An Important Juncture for Trading
Several weeks ago I referenced a few markets that I was looking to for confirmation of the recent upswing in global equity prices. After false starts to the year in 2010 and 2011, I wanted to be cautious and not to chase early strength in 2012 -- especially since I started the year very light in equities due to the ongoing debt crisis in Europe. Specifically, I wanted to see a breakout in both U.S. Treasury 10-year yields and the Thompson Reuters/Jeffries CRB Commodity Excess Return Index to confirm economic expansion, especially in the U.S. Without such confirmation, I remain convinced that the rally was more a Pavlovian response to Central Bank machinations, rendering them subject to rapid rejection as they had been in the past.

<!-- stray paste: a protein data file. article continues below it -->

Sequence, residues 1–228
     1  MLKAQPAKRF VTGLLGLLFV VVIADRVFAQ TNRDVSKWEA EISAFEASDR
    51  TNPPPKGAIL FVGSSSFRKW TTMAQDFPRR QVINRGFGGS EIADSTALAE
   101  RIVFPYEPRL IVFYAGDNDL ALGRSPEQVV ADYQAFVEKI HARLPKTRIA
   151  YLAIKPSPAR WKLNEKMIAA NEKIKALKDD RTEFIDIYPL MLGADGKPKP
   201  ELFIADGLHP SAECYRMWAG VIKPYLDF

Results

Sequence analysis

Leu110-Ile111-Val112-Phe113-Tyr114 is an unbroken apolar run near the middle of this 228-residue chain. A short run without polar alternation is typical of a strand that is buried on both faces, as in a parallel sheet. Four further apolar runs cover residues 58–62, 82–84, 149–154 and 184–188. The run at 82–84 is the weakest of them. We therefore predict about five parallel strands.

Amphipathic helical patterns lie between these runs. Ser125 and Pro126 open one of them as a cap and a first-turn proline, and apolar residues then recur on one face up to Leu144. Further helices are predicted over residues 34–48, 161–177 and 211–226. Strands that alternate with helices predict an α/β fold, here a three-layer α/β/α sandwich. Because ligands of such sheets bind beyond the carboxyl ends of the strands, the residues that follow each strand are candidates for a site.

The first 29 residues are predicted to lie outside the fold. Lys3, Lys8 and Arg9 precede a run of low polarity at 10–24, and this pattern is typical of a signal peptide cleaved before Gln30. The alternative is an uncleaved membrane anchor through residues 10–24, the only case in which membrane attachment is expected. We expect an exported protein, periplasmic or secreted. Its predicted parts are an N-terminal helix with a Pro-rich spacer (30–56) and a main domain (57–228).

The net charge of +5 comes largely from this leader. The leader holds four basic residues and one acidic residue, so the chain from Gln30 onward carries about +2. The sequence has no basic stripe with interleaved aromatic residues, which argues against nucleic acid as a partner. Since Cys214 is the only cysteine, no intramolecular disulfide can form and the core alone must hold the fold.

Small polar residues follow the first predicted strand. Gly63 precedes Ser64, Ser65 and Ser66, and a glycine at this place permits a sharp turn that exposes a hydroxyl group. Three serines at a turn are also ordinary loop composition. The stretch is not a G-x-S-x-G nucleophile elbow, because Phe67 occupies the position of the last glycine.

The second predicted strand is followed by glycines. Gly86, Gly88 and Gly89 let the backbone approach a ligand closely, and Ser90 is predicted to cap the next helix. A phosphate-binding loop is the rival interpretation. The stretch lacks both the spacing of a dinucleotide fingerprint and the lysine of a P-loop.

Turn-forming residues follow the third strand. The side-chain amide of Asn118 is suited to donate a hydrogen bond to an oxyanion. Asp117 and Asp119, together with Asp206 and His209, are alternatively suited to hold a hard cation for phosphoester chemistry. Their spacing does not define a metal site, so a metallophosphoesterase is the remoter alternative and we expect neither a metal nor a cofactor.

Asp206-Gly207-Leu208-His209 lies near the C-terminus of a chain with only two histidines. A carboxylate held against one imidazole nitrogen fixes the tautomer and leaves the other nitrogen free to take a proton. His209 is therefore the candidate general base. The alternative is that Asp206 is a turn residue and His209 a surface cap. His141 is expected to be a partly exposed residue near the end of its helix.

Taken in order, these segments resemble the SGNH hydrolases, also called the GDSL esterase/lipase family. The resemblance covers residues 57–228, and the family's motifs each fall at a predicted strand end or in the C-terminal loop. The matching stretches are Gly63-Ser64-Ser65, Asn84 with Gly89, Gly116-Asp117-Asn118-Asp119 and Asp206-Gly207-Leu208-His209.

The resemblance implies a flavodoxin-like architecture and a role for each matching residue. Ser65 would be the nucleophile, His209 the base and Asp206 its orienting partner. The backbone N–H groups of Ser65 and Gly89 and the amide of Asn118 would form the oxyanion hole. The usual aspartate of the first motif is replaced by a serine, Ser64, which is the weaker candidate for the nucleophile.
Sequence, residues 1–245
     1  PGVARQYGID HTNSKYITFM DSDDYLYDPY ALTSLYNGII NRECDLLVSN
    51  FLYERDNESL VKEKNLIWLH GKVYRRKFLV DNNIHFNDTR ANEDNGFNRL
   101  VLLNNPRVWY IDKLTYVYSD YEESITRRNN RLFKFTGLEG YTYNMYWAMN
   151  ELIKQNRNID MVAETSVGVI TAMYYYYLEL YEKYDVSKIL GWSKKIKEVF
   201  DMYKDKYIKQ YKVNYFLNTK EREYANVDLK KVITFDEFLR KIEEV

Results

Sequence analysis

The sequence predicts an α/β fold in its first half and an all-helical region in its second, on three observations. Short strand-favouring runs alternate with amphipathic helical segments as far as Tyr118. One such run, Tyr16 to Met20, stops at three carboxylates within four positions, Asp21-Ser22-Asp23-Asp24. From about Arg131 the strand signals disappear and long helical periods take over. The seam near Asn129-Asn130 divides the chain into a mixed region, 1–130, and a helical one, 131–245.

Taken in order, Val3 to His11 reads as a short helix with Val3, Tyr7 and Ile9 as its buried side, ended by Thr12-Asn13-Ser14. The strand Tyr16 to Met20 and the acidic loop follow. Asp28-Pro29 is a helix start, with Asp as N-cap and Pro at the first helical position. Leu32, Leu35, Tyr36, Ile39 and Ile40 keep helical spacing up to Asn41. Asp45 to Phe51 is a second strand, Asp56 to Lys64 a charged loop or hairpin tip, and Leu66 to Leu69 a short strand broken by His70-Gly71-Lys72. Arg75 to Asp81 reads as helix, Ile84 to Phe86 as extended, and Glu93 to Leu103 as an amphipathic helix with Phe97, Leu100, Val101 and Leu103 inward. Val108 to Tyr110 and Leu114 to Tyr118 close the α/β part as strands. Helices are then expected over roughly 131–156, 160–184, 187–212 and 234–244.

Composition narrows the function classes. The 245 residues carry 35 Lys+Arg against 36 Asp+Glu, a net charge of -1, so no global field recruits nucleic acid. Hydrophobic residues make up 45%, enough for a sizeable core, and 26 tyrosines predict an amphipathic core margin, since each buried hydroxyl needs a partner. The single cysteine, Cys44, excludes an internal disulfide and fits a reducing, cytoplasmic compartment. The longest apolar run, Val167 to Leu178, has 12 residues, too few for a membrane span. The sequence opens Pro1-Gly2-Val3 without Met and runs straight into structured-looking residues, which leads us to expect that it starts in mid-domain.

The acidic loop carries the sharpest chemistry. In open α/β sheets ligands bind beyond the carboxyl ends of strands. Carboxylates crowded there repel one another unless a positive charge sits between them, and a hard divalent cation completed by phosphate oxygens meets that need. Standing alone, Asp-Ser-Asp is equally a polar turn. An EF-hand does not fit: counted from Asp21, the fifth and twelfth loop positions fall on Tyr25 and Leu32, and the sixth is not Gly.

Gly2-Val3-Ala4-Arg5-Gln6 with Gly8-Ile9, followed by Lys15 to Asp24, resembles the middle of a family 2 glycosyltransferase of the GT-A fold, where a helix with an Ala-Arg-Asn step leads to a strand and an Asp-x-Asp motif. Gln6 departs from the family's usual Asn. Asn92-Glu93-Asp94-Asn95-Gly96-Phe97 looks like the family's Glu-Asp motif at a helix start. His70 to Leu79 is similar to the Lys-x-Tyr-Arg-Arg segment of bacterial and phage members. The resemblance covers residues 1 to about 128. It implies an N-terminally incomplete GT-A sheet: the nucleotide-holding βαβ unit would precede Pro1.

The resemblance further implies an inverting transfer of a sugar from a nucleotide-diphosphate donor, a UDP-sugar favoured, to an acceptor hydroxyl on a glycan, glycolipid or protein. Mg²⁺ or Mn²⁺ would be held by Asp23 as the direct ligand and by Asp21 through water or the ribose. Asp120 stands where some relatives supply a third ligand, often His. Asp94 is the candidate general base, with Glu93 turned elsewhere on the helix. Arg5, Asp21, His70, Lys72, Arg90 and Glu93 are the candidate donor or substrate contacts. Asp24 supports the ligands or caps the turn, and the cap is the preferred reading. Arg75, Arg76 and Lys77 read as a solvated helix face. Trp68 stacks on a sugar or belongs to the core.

Notwithstanding the recent allure of U.S. government bonds relating to the extreme volatility now witnessed in European debt markets, both short and long term U.S. interest rates are holding in very tight ranges. Regardless of the recent strength exhibited in domestic economic data, U.S. rates remain range-bound. Of course, weaker data are not necessarily met with a rousing bond rally either. Over the past several weeks, yields have been pinned very closely to the 2% level. Long-time bond traders cannot be faulted for assuming that "a fix" is in....528 more words left in this article. To read them, just click below and try Real Money FREE for 14 days.
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